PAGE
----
The rich are getting richer – and they’re fueling the private jet boom
Demand for private jets is booming – as companies can’t produce them fast enough and buyers face extended wait times for deliveries.
Even used business jets are disappearing from the market.
“If you look at today compared to 2019, the market has almost exploded,” John Schmidt, head of the global aerospace and defense industry at consulting firm Accenture, told CNBC at the show. Dubai Aeronautics.
The pandemic has converted many travelers to private flying, many for the first time. But analysts say the trend is mostly driven by a wealth boom over the past year and a half, especially at the upper echelons of society as more companies go public, as the stock market hits. record highs and spenders benefit from a long period of low interest rates.
Business jet take-offs and landings in the United States increased 40% year-on-year – and at their highest level since before the 2008 financial crisis, according to Morgan Stanley.
Public listings of companies in the United States have already reached record highs in 2021. Data from Jefferies Equity Research shows that as IPO activity increased, so did the volume of aircraft deliveries from business increased accordingly.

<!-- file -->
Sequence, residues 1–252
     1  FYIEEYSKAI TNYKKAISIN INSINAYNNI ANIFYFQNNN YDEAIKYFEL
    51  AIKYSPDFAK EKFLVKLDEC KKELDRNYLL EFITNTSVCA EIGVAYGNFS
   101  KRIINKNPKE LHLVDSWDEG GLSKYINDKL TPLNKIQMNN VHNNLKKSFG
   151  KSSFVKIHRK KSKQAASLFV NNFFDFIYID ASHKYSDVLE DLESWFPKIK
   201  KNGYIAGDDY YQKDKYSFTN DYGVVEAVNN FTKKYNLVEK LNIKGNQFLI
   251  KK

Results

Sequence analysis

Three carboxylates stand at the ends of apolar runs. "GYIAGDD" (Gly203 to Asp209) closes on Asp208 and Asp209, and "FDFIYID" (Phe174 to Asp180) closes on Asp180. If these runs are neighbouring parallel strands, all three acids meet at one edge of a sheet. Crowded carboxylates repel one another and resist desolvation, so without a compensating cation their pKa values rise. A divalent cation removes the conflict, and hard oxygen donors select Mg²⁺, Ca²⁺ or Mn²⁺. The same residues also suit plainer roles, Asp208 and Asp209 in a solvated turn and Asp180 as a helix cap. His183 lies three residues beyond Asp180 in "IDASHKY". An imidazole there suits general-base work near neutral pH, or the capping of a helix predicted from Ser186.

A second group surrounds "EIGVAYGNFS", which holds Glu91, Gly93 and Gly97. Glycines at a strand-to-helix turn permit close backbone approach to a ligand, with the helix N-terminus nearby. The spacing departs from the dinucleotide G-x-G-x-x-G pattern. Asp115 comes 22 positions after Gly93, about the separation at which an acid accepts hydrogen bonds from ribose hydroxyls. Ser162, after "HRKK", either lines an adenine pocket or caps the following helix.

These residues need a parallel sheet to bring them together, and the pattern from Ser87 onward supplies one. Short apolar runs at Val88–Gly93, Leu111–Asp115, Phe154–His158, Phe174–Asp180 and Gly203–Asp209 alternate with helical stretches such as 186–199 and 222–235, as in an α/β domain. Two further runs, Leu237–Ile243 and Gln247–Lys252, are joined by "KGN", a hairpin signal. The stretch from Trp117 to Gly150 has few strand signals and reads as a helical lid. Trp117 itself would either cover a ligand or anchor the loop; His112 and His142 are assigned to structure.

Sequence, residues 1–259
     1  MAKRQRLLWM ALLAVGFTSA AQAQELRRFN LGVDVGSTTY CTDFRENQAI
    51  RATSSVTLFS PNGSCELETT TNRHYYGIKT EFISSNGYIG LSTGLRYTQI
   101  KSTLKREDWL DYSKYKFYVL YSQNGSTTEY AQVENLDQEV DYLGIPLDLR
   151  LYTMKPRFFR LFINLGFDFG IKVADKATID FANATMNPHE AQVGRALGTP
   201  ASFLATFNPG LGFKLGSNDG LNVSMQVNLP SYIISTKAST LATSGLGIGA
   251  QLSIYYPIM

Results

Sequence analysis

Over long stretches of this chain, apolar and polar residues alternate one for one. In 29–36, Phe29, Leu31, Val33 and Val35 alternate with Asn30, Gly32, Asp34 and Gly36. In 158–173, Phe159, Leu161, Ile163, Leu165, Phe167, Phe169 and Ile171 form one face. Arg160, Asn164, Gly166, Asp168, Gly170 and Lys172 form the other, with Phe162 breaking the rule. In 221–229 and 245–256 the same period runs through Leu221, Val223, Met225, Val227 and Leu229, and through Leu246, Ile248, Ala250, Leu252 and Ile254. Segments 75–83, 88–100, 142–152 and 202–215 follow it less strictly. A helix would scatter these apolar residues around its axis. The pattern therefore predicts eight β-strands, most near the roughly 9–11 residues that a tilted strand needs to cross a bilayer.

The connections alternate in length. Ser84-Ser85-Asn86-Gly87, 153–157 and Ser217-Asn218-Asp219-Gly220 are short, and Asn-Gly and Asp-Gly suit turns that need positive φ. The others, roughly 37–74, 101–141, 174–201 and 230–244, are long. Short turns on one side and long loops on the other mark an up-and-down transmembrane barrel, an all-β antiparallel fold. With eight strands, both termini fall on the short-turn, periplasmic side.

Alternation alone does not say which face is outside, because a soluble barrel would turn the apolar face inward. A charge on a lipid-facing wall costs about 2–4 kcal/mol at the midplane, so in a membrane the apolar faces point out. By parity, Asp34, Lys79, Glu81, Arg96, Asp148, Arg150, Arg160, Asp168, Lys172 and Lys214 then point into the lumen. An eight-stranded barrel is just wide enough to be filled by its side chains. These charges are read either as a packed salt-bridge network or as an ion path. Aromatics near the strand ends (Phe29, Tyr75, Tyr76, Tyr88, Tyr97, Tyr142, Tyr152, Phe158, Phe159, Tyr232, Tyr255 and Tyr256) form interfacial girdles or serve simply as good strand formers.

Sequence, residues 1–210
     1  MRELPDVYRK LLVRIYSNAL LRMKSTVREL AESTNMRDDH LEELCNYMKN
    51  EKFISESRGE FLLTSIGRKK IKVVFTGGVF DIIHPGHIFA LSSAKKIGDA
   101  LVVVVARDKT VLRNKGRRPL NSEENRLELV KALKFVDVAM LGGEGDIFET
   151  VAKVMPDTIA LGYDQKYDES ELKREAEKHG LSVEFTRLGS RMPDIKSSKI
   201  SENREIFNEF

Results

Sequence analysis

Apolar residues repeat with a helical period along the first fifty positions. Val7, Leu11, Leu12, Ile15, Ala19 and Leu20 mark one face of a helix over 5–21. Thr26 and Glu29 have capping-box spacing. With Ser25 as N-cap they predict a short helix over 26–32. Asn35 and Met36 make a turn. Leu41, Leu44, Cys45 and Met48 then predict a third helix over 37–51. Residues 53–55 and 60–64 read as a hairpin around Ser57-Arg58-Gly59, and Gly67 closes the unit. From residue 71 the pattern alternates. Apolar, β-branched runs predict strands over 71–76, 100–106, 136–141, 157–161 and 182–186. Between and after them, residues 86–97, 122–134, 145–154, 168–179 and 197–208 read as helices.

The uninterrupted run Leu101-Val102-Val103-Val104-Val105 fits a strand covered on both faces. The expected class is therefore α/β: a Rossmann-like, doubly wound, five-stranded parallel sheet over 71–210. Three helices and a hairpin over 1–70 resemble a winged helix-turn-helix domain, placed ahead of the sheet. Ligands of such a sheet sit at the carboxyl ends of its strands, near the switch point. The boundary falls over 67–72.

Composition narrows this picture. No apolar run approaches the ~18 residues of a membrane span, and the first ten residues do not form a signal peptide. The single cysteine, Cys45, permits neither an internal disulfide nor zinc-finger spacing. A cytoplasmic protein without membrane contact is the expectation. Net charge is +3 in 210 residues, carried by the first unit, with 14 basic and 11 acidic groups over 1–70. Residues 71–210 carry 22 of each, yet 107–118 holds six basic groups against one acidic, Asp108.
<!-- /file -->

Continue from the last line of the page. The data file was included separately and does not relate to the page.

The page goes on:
The market is also attracting individual buyers looking for safer and more exclusive travel that guarantees greater reliability than commercial flights, which have been hampered by the travel regulations of Covid-19.
Amid increasing demand in the premium industry and rising inflation, prices for new and used jets are reaching their highest levels in years.
Used aircraft inventory – the proportion of aircraft for sale to the number of such aircraft in the world – is at an all-time high, around or below 3% for most major aircraft manufacturers , including Cessna, Dassault, Gulfstream, Bombardier and Embraer, says Jefferies.
Private flight activity is not only up in the United States, but also 20% higher in Europe, Schmidt said. “Things are really tight in used business jets, the lowest inventory we’ve seen in years, and yet the prices are 20-30% higher,” he added. “So it’s a very hot market right now.”
New entrants to the private jet market now represent more than 30% of buyers, according to a recent report from Goldman Sachs. For Embraer’s Chief Commercial Officer Stephen Friedrich, what stands out is the growing consumer base.
“The addressable business jet market has grown now. The pie has grown,” Friedrich said. “And the result is over 12% continued wealth creation when you look at billionaires around the world, but also what was traditionally Fortune 100 and big private companies.”
“People are looking for ways to become more productive, more secure in the missions they have to accomplish,” he added, describing business aviation as a “productivity tool”.
“Can you fly directly from New York to Muscle Shoals, Alabama on a commercial flight? No,” Friedrich said. For companies or individuals with the wealth of owning a business jet, the trips that would take a full day of travel are reduced to a few hours.